the best or against the worst?
By Gilbert Holleufer
humanitarian organisations accept war as an integral part of
human existence or strive to promote universal peace?
At the international level, political morality today seems
clearly peace-oriented. War is proclaimed a crime and has
been outlawed by the United Nations Charter which has nonetheless
failed to prevent conflicts from proliferating over the past
50 years. At the cultural level, war likewise seems to be
rejected on moral grounds by prevailing public opinion: essentially
unlawful, condemned by international rules, it is automatically
equated with barbarity and viewed as the most extreme form
Prompted by the commendable desire to eliminate this evil
as old as the world itself, international armed forces are
currently striving to restore peace in some of today’s
areas of conflict. Despite the merits of peace-making, a fundamental
ethical question persists: can one seriously hope to take
up arms against arms without also taking sides and without
the very quest for universal peace becoming a source of violence?
As experience suggests, the paradoxical notion of a “peace
army” is placing more and more of a strain on the elasticity
of international military logic with each passing day. Something
has got to give.
Perhaps it is the humanitarian pretext which has been invoked
to justify this type of intervention that has temporarily
neutralised these contradictions — doesn’t the
military version of humanitarian aid respond, after all, to
an admirable concern for efficiency?
Many humanitarian experts have, however, lost no time in
denouncing the untenable contradiction of combined “humanitarian”
and military endeavours.
Strictly speaking, the humanitarian code of conduct is not
concerned with settling conflicts, but with regulating them.
It attempts to preserve or promote humanitarian norms for
regulating violence and influencing war from the inside,
rather than from the outside. Its source and object are not
so much the act of peace as the act of war, in which —
more than in any other context — the end tends to justify
the means and human beings are particularly likely at any
moment to lapse into outright savage behaviour. Based on the
premise that warfare has hitherto been part and parcel of
human society, the humanitarian code of conduct is less concerned
with denouncing injustice than inhumanity. In other words,
the model it puts forward is not one of justice, but of human
A glance back at history and at human civilisations will
show that while war unleashes violence, it has also always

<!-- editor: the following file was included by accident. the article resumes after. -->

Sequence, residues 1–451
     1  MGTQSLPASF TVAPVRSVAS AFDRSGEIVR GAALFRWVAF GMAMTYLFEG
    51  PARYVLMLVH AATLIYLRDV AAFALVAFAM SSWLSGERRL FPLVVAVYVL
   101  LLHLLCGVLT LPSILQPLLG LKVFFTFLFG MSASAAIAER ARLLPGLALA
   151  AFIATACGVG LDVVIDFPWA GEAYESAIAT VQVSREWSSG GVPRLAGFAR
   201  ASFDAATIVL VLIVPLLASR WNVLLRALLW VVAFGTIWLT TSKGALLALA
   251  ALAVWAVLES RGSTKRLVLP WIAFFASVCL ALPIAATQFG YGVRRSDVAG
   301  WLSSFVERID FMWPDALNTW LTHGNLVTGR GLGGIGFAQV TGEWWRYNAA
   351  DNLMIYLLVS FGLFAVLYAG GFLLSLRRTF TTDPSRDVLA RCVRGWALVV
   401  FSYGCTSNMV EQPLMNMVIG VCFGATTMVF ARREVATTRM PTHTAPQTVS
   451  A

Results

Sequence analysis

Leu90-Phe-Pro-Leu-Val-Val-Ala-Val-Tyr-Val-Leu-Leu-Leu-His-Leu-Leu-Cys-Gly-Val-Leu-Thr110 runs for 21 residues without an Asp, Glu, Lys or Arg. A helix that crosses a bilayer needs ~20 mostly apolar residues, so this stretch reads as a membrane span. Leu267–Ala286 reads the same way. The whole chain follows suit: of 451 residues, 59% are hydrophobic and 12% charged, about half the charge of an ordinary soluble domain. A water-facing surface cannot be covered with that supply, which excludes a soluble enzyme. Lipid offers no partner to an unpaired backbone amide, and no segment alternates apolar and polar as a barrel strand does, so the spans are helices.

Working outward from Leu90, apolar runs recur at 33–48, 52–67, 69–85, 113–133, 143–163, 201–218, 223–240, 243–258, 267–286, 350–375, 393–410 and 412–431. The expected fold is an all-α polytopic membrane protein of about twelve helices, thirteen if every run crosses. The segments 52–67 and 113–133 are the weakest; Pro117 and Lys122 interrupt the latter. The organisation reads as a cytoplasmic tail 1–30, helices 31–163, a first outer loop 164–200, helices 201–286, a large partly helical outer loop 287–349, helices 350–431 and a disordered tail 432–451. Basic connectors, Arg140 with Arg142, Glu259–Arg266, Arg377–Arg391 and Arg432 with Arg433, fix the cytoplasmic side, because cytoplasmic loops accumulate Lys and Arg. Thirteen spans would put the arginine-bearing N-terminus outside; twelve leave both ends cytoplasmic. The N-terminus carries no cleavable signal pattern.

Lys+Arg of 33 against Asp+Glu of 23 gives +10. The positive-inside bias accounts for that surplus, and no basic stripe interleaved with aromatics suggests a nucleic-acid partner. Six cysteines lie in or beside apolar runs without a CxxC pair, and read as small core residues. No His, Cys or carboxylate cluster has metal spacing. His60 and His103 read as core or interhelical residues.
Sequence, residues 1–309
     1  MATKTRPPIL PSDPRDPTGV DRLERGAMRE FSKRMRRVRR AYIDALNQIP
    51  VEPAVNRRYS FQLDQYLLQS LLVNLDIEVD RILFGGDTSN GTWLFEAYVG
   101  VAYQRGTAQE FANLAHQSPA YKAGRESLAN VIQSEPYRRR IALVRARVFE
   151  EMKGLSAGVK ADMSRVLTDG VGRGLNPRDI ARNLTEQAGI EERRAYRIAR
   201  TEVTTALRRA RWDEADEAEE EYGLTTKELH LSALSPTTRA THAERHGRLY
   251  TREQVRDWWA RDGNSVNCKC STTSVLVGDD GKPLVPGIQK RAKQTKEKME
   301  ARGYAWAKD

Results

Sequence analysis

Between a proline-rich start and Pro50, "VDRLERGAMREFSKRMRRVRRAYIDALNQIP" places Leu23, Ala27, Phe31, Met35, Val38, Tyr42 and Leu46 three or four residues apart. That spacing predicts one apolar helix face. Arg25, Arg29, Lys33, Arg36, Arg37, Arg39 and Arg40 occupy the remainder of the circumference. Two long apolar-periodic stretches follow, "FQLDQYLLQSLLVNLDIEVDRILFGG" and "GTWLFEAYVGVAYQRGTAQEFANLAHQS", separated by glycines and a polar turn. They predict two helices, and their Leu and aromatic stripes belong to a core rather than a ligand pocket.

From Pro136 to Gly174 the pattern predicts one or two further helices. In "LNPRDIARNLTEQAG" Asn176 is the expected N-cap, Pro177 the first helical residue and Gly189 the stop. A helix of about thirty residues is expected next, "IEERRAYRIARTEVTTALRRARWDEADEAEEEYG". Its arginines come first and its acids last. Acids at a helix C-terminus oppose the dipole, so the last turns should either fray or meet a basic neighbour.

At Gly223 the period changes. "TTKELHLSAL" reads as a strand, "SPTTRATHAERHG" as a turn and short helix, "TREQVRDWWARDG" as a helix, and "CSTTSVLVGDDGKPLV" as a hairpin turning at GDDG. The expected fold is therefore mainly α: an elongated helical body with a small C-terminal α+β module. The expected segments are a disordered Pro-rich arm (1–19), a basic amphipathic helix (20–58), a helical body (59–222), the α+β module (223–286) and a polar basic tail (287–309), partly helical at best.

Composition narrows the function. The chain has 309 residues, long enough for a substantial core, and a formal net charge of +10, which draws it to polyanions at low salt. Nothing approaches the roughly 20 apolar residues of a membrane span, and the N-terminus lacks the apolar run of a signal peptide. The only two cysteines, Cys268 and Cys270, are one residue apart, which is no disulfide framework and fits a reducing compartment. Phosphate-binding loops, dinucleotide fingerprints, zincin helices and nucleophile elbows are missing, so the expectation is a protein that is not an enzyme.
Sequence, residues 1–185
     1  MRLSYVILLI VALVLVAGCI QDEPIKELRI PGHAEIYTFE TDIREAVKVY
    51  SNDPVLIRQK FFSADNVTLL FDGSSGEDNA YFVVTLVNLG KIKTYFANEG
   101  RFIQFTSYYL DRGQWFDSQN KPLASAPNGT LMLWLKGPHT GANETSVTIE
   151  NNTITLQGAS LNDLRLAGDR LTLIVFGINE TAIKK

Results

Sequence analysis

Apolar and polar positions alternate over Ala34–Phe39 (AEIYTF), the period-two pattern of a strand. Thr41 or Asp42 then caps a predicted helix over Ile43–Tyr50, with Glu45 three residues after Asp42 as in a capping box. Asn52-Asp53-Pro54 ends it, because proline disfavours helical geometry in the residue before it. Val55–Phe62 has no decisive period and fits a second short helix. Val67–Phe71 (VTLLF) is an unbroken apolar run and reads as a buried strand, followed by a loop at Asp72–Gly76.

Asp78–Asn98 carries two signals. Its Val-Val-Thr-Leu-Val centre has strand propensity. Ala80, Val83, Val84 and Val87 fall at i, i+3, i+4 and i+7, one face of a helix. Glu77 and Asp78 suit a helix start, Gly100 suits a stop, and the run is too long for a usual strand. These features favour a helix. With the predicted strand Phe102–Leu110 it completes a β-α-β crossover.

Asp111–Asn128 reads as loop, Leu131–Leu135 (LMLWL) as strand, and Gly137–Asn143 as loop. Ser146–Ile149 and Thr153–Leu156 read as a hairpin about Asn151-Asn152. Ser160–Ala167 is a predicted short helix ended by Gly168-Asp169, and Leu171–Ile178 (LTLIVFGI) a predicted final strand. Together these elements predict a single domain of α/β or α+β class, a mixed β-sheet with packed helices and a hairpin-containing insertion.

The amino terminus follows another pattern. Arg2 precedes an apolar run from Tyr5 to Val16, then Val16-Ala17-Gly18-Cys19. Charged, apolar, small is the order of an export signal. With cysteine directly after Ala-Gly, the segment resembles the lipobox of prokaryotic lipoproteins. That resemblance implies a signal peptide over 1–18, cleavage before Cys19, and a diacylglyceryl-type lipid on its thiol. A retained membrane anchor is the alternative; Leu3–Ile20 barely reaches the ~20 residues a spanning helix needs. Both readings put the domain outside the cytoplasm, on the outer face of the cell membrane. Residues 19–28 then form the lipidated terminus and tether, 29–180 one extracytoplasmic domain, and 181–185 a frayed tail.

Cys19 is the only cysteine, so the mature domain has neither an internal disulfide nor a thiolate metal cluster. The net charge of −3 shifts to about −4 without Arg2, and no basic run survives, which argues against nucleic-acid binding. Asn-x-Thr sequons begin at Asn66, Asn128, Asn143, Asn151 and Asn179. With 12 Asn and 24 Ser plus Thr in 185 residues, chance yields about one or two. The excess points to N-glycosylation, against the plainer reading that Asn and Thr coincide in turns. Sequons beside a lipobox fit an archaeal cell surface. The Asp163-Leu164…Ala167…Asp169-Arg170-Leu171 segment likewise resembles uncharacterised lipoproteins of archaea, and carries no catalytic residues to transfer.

sought to regulate that violence. Failing that, it was no
longer qualified as war but as massacres, annihilation, or
genocide. Codes of conduct, or codes of honour, have existed
always and everywhere in order to mark the difference between
the practice of warfare and barbaric behaviour. Humanitarian
law and the law of The Hague are the most universally accepted
legal expression of those ethical codes.
Values to curb barbarity
Today, we are unfortunately witnessing the radicalisation
of violence wrought by increasingly smaller groups, a process
fuelled by the illicit arms traffic in which — in
keeping with a simple market principle — supply creates
demand. Each day violence is thus escaping the control of
states and of agreements or other legal instruments that
are supposed to regulate it.
In view of this situation, the Red Cross, gripped by a
deep sense of helplessness, must more than ever recall its
original ethical values. Those values are based on respect
for human dignity, a respect upheld even in the worst frenzy
of violence. Designed not to bring about the best, but to
stave off the worst, they have inspired humanitarian law
and are part of the wisdom of all peoples. The Red Cross,
which has succeeded in giving these values their best and
most complete form of expression, also has the responsibility
to adapt them to changing circumstances.
In a chaotic world where the law is no longer enough, where
unanimity can no longer be reached on any political project,
it is perhaps high time to give a more “political”
dimension to the call for unconditional recognition of human
dignity in the midst of violence. Maybe the time has come
for the Red Cross not to pass judgment, but to commit itself
to — or militate for — values to be embraced
not only by states but by all the prime movers and orchestrators
of war today.
Indeed, recent history would seem to require the Red Cross
to reaffirm its founding principles, and promote a wide-ranging
debate throughout the world community. As the last sentinel
on the frontier between the inhuman and the humane, the
Red Cross must resolutely maintain its dialogue with all
involved in violence, for if war plunges irretrievably into
sheer barbarity we shall all lose — and there will
henceforth be neither war nor peace.
Gilbert Holleufer is advisor on communication research and
development at the ICRC.
Red Cross, Red Crescent encourages readers with
a different point of view to contribute to this debate which
will feature in future issues.
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